My 2nd cousin and I have an already established a relationship through our great-grandparents.   So, the list narrowed as we only looked at DNA matches who are related to both of us.  Now,  there are only four possibilities as a common ancestor – our common great-great grandparents, James, Meriam, Samuel or Charlotte.

Her son’s curiousity about those DNA matches led to the BSOs that took up much of my time during one two week period.   Another person, who inherited work done by cousin on a related family line, has been extremely helpful.  She used an extensive research toolbox to determine how we are related to one person, identified as a third or fourth cousin DNA match.    Her search strategy included social media as well as the usual census records, obituaries, and gravesites.  I admire her tenacity and thoroughness!

End of story:   Two more cousins have been positively identified through DNA matches.  Our common ancestors have been identified.   All of the information is clipped together and has been entered to genealogy software and research logs.


Reflection:   I experienced a mix of emotions during those two weeks.   Initial response was frustration because I did not meet my specific objectives.  Instead, I helped a cousin discover how we are related to two DNA matches.  At first, I considered these projects as BSOs since the work was not planned.   However, I chose to tackle those projects instead of keeping with my original plan.   I met another person with marvelous detective skills.  I can learn from her.    Using research logs and making sure that I have complete source citations was helpful.   I worked slower on these projects than I have in the past, due to improved research practices.

What helped:   Research logs that had been done earlier. Starting new research logs.  Checking and re-checking source citations.  Label and file digital media as I found it online.

What didn’t help:   Not being sure that this was a good use of my time.  I had to acknowledge that I chose to work on these projects at this time.  I could have deferred and waited for reports from others.

What I learned:   Collaboration with others is key to discovering the relationships and avoiding duplication of work.   Say ‘no’ to some projects, no matter how interesting  they seem.  However,  these projects can still become learning tools.  I learned a different way of using a relationship chart to determine a possible common ancestor.  This leads me to the concept of a ‘flipped’ relationship chart.   Here is first draft of my idea, for your consideration:  flipped chart draft1Happy searching!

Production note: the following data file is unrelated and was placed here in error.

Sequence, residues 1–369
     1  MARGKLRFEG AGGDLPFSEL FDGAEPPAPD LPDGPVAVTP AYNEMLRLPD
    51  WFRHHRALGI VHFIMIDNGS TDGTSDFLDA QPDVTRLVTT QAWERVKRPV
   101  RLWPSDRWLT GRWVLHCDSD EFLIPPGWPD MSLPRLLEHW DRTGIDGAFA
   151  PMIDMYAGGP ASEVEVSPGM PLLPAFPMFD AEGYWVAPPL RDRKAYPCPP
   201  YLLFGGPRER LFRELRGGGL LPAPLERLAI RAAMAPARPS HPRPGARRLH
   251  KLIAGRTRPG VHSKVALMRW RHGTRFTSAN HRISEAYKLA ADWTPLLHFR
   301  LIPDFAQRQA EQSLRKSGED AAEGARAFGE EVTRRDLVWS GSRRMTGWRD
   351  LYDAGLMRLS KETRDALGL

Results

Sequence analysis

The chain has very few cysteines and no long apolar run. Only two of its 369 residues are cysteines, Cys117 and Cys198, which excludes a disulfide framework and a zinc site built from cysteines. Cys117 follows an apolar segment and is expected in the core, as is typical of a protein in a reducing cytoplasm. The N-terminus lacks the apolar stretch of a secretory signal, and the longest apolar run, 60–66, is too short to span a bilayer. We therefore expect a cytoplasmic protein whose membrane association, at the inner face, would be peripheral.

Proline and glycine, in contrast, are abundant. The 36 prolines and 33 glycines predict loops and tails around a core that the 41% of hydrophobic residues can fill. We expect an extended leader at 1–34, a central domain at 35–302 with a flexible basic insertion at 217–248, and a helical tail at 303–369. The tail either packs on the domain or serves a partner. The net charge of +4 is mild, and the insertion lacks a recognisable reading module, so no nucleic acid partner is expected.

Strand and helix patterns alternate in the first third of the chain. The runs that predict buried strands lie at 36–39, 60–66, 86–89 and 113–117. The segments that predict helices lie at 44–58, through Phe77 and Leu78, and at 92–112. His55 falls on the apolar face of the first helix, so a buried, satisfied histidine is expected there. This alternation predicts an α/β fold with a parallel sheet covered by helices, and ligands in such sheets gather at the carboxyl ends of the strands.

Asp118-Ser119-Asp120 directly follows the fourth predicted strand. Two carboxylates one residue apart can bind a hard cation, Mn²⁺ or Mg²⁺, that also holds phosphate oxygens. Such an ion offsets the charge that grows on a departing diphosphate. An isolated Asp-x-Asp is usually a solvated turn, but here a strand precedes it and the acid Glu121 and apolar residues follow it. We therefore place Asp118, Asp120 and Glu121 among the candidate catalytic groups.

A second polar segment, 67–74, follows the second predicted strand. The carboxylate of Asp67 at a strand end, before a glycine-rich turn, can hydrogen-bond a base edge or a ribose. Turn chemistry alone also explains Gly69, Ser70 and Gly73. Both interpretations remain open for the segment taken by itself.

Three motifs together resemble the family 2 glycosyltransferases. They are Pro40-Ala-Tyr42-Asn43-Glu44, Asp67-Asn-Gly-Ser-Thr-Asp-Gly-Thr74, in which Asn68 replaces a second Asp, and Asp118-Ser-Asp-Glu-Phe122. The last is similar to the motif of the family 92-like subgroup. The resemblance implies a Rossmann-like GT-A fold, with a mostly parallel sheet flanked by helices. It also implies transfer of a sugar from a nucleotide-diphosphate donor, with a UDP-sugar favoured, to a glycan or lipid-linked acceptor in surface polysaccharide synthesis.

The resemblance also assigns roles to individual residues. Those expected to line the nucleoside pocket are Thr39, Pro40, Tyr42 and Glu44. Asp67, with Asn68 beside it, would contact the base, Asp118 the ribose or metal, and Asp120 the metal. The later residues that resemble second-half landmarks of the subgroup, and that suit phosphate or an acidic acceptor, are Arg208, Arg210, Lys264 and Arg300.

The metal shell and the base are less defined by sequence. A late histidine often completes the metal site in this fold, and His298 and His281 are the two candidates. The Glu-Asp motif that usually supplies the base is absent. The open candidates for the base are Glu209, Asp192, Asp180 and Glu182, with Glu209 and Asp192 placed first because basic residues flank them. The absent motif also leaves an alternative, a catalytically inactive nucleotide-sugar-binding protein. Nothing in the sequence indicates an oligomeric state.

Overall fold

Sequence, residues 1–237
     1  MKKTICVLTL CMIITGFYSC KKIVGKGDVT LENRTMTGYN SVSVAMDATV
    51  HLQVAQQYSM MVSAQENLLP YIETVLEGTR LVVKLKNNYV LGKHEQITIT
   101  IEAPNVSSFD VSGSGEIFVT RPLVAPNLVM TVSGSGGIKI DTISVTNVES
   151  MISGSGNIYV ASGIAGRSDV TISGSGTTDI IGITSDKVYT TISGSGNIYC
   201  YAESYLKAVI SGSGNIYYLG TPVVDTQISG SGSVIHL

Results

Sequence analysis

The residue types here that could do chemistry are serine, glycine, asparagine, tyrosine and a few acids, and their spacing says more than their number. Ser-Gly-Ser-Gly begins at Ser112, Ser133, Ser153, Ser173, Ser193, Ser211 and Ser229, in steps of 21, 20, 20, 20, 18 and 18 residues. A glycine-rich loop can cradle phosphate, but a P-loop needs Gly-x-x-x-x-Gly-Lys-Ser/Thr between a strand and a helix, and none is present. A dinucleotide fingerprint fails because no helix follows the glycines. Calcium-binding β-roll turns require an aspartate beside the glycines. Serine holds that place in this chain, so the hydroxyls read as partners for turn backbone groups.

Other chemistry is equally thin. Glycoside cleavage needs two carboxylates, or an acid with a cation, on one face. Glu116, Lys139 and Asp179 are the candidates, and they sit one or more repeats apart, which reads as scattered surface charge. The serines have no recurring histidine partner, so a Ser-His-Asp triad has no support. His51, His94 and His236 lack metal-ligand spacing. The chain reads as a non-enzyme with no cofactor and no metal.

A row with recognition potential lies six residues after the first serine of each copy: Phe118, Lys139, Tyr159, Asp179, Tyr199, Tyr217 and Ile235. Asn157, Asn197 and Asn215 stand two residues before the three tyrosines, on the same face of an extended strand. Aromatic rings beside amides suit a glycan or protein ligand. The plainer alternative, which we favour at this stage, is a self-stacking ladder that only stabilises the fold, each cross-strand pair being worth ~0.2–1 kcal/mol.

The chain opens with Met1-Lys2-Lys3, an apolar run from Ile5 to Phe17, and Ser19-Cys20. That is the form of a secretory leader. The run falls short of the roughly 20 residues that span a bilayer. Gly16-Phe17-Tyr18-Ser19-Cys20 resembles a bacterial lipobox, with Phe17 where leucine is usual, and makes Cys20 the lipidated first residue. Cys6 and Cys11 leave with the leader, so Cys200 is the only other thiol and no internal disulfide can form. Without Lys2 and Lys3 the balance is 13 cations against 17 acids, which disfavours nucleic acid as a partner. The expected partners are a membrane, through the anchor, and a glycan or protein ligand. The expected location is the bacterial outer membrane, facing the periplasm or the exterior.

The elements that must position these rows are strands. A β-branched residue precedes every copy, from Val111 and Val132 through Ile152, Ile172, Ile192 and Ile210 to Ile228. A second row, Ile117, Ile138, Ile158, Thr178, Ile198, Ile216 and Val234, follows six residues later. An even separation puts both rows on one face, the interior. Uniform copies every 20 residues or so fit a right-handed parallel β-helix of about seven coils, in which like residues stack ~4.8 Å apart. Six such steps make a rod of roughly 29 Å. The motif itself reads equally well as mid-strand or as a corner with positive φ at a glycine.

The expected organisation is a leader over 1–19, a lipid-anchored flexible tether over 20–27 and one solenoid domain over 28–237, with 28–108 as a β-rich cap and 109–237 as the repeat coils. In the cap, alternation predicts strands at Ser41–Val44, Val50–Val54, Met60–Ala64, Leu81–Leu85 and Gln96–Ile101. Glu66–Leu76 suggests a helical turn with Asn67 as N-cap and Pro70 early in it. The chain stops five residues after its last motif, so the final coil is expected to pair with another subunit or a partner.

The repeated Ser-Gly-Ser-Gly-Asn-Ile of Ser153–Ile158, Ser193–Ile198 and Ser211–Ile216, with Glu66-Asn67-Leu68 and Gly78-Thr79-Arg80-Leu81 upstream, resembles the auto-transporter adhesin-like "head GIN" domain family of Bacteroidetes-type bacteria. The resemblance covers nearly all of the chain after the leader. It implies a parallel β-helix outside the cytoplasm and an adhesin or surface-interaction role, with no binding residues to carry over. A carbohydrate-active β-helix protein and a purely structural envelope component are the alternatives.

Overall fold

Great-Grandfather Daniel S. Posten and the 1900 census

Question:  Where did  great-grandfather Daniel S. Posten live in 1900?

This blog post outlines one experience in my Genealogy Do-Over journey.   “Tracking Research” and “Conducting Research” are the topics for Month 4 (April 2017).  OK,  so I’m still behind on some of my lessons.  And, I am still working on improving my research practices.  I want to share one example of how the system worked for me.

Here is a copy of my original family group sheet (FGS) for paternal great-grandfather Daniel S. Posten.

Posten_Daniel _S_FGS_ca 1988026

The yellowish color of the paper and the form itself suggest that this is one of my earliest attempts, probably started about  1987.  Entries are written in pen and pencil and may have been made at different times. This was definitely a work-in-progress!   For the Genealogy Do-Over, I used a different form and re-wrote the FGS.  I have confirmed a lot of information so the entries are neater and more complete. I started entering trees online in 2001 and Dad’s tree would have been one of the first.